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4 Strategies to Tackle Thanksgiving When You Have Diabetes

Nov 26, 2019

By Shani Davis, PhD, ANP-BC, CDE

Thanksgiving is a wonderful time to reconnect with family and friends, but the role of food during the holiday fellowship can be stressful for persons living with and affected by diabetes. Typical holiday tables are adorned with endless varieties of potato dishes, crumb-topped vegetables, warm and cold pasta dishes, bread-based stuffing, dressings, breads, cakes, pies, sauces and jellies that are also carbohydrate laden. The delicacies are often homemade, so the estimated carb content of each helping is as unique as the dish from which it was scooped! Any other time of the year, we avoid many of our favorite Thanksgiving dishes or we know to consume them in limited portions. But on Thanksgiving, it’s often an “all rules out the window” mentality. For these reasons, contemplating strategies for blood sugar management during Thanksgiving can feel challenging and discouraging. 

To help you have a happy and manageable holiday, here are 4 “P” strategies that boost opportunities for successful blood sugar management during Thanksgiving. 

Plan

Meal planning is a way to approach the Thanksgiving table with purpose. Understandably, you can’t always plan for all the specific foods that will be offered, but the commitment to making personal efforts to limit big rises in blood sugar is what matters. A good plan might include starting your day with a healthy breakfast in an effort to minimize hunger cravings during the Thanksgiving meal and selecting mostly non starchy vegetables (green beans, spinach, asparagus, broccoli, carrots, cauliflower, eggplant, mushrooms, etc.) for side dishes. 

Protein

Because protein takes longer to digest, a high protein Thanksgiving meal can generate the feeling of fullness faster and lower cravings for carbohydrates. The choice to go high protein on Thanksgiving or to participate in a high protein diet plan should be discussed with your health care provider to ensure safety especially when there are questions about kidney health.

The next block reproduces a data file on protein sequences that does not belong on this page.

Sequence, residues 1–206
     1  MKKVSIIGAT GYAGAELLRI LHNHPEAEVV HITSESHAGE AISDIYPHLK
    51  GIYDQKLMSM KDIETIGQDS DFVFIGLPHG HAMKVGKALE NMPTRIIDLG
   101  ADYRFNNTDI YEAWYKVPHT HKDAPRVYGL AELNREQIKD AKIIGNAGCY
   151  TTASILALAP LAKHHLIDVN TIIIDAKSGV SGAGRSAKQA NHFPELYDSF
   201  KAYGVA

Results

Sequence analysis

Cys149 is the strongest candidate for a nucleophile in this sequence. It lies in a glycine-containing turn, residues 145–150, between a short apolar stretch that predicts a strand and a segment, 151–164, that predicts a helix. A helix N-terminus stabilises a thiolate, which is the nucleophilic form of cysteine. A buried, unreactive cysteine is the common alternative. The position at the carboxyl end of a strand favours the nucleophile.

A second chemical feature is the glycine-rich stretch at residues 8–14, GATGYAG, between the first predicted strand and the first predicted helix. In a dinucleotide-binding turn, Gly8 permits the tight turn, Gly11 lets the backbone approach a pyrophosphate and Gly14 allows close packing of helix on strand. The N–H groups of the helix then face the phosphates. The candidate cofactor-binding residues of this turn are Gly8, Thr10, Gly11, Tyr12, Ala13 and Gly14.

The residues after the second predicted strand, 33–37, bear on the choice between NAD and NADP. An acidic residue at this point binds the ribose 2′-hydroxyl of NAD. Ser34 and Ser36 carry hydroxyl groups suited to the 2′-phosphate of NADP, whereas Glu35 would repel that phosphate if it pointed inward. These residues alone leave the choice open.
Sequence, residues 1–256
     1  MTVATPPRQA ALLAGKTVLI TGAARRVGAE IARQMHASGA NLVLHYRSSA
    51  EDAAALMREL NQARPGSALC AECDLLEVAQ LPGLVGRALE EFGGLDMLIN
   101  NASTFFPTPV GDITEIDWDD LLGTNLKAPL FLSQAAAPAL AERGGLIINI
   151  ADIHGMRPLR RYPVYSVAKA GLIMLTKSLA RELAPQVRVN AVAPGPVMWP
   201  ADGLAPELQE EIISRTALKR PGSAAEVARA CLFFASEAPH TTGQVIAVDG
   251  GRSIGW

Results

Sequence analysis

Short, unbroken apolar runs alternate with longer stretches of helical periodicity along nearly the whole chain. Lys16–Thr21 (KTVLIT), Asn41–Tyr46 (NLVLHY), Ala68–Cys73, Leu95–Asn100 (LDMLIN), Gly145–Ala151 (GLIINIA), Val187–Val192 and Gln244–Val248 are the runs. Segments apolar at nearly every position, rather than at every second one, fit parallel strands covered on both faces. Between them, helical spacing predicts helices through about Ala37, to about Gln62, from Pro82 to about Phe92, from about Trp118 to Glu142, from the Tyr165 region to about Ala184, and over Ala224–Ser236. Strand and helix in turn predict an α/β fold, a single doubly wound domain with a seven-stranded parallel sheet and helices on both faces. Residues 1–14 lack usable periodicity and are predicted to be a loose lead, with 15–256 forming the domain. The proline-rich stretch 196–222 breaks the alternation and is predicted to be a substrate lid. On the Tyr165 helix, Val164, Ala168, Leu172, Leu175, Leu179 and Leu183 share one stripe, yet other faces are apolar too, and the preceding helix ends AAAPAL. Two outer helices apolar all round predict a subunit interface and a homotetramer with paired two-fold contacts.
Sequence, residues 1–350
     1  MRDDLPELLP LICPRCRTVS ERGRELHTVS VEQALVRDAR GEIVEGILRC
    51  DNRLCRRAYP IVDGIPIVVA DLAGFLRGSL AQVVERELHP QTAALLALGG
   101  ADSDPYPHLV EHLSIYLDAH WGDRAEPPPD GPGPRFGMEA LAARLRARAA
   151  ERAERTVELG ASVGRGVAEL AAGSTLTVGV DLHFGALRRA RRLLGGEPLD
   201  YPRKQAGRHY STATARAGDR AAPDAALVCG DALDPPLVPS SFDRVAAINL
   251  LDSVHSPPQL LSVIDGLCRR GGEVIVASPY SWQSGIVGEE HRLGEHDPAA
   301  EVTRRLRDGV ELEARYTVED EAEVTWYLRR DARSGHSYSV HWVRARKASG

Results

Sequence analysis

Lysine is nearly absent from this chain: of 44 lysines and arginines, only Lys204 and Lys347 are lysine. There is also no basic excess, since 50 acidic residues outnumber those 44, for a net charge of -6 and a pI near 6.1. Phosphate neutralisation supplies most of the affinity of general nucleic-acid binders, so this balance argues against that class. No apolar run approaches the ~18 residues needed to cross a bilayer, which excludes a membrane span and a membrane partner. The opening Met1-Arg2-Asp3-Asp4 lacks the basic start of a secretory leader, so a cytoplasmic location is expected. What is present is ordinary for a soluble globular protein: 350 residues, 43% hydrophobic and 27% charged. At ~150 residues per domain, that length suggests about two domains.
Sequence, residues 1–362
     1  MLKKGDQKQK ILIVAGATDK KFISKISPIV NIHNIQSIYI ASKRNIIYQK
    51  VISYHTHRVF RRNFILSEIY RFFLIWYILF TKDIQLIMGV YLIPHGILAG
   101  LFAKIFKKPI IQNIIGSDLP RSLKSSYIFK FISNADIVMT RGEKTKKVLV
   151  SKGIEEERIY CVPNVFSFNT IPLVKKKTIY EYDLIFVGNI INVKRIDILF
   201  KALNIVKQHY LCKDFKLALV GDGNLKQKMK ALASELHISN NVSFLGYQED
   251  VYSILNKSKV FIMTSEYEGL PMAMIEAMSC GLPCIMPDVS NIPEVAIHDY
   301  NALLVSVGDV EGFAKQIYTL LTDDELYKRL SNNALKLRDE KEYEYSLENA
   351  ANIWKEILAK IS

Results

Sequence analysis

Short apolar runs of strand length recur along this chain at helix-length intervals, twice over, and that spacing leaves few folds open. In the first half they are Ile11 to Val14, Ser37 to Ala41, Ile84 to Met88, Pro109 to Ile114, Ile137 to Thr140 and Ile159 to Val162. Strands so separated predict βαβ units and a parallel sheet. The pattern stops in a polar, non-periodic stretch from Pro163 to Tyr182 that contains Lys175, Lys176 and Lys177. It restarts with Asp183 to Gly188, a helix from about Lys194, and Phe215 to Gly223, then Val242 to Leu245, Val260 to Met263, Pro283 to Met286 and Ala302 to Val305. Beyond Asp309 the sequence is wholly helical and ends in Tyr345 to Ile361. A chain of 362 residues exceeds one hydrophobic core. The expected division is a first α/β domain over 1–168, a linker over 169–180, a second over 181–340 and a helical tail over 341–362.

Post Meal Monitoring

Knowledge is power and homemade Thanksgiving dishes are mysteries! Checking your blood sugar after eating can help determine if your medications and activity are working to prevent blood sugar from going too high. This is particularly the case when you take rapid acting insulin prior to eating. These readings should be taken 1 or 2 hours after the start of the meal. Continuous glucose monitoring (CGM) makes this task easy. This valuable information can be used to modify meal choices and insulin doses.

Portion Management

The amount of food you eat and blood sugar elevations are directly related. Therefore, managing your portion size is one of the simplest ways to manage your blood sugar. Limiting how much you eat can be done by reducing how much of each food you put on your plate, reducing the size of your plate, avoiding second servings or limiting carbohydrates. It’s important to also allow the body’s “I’m full” signals to kick in by slowing how quickly you eat or drinking water before and/or during the meal. 

Remembering these 4 “P’s” can help you focus more on friends, family and the fellowship experience this Thanksgiving holiday. For more on the holidays and diabetes, check out AADE’s holiday season eating tips (also available in Spanish) at DiabetesEducator.org/LivingWithDiabetes under “Tip Sheets and Handouts.” 
 


AADE Perspectives on Diabetes Care

The American Association of Diabetes Educators Perspectives on Diabetes Care covers diabetes, prediabetes and other cardiometabolic conditions. Not all views expressed reflect the official position of the American Association of Diabetes Educators.

Copyright is owned or held by the American Association of Diabetes Educators and all rights are reserved. Permission is granted, at no cost and without need for further request, to link to, quote, excerpt or reprint from these stories in any medium as long as no text is altered, and proper attribution is made to the American Association of Diabetes Educators.

HEALTHCARE DISCLAIMER: This site and its services do not constitute the practice of medical advice, diagnosis or treatment. Always talk to your diabetes care and education specialist or healthcare provider for diagnosis and treatment, including your specific medical needs. If you have or suspect that you have a medical problem or condition, please contact a qualified health care professional immediately. To find a diabetes care and education specialist near you, visit DiabetesEducator.org/Find.

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